Paul van Gerven
29 January

In an industry still lacking standardization, Twente-based design house Epiphany Design is making itself available as a guide in the thick jungle of integrated photonics.

A new integrated-photonics design house has emerged from the Dutch Photondelta ecosystem. Leveraging more than four decades of cumulative experience, Enschede-based Epiphany Design aims to act as a glue in the fragmented European integrated-photonics landscape. Design software, material platforms, foundries, packaging and testing – for every integrated-photonics product, there’s an optimal choice and combination, in terms of both cost and technology, and Epiphany will (help) find them.

“As integrated photonics gains traction, a lot of photonics companies are popping up. We want to guide them through the range of technology options available to them. Conversely, there’s a lot of foundries around, which we can assist in becoming accessible to connect to a wider range of potential customers,” says Jörn Epping, co-founder and CEO of Epiphany.

“Small companies can’t afford to work with all available design software – there are over ten software packages to work with. Making design kits in all of them would require massive teams, which they obviously can’t afford. Most foundries aren’t big enough to support all of the software options either. For design software companies, these players don’t generate enough revenue to offer tailor-made solutions. We see an opportunity to act as a bridge, ultimately helping speed up the adoption of integrated-photonics technology,” adds Arjen Bakker, co-founder and CTO of the young firm.

Visibility

Bakker has spent half a lifetime in integrated photonics. He was one of five people starting BBV, the world’s first photonics design and software house, in the early 1990s. Well over a decade later, he co-founded Phoenix Software, which was absorbed by EDA giant Synopsys in 2018. Bakker spent a good few years with the US company before deciding that it was time for another entrepreneurial adventure. He teamed up with Germany’s Epping, who acquired commercial experience at integrated-photonics pioneer Lionix and photonic quantum computing outfit Quix Quantum.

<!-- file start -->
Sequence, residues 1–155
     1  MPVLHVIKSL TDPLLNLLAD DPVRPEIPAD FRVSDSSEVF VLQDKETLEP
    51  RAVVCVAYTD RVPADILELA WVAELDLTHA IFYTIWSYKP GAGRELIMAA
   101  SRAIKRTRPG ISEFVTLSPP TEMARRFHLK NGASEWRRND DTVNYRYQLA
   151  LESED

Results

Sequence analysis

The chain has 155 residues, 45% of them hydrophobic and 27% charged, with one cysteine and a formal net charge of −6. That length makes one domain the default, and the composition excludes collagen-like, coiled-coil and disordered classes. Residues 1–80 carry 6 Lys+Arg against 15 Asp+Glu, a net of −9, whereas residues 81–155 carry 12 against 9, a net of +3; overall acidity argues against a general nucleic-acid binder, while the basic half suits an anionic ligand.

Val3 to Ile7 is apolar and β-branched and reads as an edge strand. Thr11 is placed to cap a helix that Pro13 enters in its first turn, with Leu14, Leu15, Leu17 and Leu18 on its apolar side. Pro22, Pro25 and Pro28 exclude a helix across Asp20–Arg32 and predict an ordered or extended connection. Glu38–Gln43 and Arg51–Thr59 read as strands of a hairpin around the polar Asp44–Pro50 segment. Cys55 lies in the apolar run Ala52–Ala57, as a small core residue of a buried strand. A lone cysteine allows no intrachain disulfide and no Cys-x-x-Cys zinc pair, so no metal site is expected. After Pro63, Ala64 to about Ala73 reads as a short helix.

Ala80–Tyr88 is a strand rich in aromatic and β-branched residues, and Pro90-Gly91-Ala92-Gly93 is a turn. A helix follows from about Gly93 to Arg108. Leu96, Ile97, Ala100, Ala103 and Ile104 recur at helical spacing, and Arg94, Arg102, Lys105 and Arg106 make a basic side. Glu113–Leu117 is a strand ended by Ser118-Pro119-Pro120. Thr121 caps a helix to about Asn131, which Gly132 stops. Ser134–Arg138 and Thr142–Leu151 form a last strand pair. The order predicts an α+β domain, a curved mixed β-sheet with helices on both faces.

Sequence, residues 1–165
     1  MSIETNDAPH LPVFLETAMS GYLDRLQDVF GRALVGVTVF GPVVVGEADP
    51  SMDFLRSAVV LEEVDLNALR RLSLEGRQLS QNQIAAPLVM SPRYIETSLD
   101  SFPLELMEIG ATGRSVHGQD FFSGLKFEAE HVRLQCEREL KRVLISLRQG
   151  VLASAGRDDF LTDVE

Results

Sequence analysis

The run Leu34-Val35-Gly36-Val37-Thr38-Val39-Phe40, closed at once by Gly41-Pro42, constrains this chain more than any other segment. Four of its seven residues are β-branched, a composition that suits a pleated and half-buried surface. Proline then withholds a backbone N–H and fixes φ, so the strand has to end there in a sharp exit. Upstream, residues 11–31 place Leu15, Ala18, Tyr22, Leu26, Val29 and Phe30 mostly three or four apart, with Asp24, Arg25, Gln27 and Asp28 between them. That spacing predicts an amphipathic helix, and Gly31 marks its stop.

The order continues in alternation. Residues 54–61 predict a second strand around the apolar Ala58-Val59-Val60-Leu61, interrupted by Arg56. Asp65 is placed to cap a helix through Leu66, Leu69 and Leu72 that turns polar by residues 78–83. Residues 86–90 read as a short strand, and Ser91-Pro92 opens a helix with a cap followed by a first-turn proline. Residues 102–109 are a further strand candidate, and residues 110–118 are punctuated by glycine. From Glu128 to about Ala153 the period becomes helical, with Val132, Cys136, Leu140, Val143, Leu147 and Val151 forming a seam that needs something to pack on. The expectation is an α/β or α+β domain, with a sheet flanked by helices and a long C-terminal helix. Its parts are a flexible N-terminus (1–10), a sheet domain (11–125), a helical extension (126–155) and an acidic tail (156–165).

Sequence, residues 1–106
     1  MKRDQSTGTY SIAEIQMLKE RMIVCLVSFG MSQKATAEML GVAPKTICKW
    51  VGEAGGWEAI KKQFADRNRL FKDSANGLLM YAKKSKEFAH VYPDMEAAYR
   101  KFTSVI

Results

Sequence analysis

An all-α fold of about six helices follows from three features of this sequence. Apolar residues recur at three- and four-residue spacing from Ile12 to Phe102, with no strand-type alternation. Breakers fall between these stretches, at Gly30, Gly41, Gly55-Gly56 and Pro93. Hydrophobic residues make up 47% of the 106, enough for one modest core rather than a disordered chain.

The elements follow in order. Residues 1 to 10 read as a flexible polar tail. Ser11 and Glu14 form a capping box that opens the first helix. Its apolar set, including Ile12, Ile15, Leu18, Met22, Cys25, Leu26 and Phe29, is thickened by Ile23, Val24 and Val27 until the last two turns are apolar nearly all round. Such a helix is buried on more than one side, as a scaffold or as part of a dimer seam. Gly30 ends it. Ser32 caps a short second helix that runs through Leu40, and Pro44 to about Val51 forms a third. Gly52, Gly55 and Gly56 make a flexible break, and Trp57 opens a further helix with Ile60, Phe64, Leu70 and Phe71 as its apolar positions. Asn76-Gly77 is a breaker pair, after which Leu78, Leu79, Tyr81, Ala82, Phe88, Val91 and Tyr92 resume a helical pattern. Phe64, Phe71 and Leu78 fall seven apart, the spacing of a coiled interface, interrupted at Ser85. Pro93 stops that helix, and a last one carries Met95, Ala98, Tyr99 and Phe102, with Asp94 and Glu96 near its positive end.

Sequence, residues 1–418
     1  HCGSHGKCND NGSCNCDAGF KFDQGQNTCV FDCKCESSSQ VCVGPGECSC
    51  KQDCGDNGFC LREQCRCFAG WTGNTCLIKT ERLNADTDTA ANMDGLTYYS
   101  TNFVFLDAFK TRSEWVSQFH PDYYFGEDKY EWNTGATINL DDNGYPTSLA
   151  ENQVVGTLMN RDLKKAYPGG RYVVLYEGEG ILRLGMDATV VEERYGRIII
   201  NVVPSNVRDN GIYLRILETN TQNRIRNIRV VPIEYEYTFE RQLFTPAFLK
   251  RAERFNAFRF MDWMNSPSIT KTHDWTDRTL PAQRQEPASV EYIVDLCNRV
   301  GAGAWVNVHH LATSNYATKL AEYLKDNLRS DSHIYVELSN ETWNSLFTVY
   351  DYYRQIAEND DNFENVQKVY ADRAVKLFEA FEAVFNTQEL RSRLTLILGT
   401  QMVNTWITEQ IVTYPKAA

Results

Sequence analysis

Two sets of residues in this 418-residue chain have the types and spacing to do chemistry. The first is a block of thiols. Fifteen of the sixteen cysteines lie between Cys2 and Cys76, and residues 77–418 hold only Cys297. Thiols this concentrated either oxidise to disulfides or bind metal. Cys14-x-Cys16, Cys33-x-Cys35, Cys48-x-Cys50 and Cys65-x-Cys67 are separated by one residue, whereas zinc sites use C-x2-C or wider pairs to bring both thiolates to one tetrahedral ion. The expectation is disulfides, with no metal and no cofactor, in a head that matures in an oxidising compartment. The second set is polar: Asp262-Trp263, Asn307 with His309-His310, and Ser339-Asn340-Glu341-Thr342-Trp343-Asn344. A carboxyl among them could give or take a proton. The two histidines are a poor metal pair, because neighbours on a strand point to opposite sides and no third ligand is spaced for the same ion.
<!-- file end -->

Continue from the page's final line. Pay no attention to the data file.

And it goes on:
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Given Epiphany’s mission, it’s shouldn’t come as a surprise that the company will be technology-agnostic, supporting the major indium phosphide, silicon and silicon nitride platforms as well as emerging materials. Bakker: “It’s often advantageous or even necessary to combine these. Such heterogeneous or hybrid integration fits our expertise especially well. I could imagine us offering off-the-shelf active components as standard building blocks, which would be combined with a passive design we tailor to the needs of the customer.”

Epiphany’s involvement will be as much as the customer wants it to be. A company with an internal design team might hire the startup only to assist with design kits. Another company might be completely new to integrated photonics and would need Epiphany to handle the entire chain of specifications, design, manufacturing, packaging and testing. “This is where our extensive experience really sets us apart. To get the best possible solution, you need a good overview of the whole value chain. Especially since design decisions often affect manufacturing and packaging options,” says Epping.

“There’s a lot of money being invested in this field, there’s a lot of technology flavors around and there’s a lot of interest in integrated-photonics technology from the applications side, but there’s a lack of people to translate all those ideas into reality. This is the opportunity we see,” Epping continues. “We’ll also offer our expertise in various European projects, which would certainly move things at a faster speed. Ultimately, this would boost the entire European integrated-photonics system, which is exactly what the European Chips Act aims to do,” says Bakker.

This article was written in close collaboration with Photondelta. Main picture credit: Epiphany Design.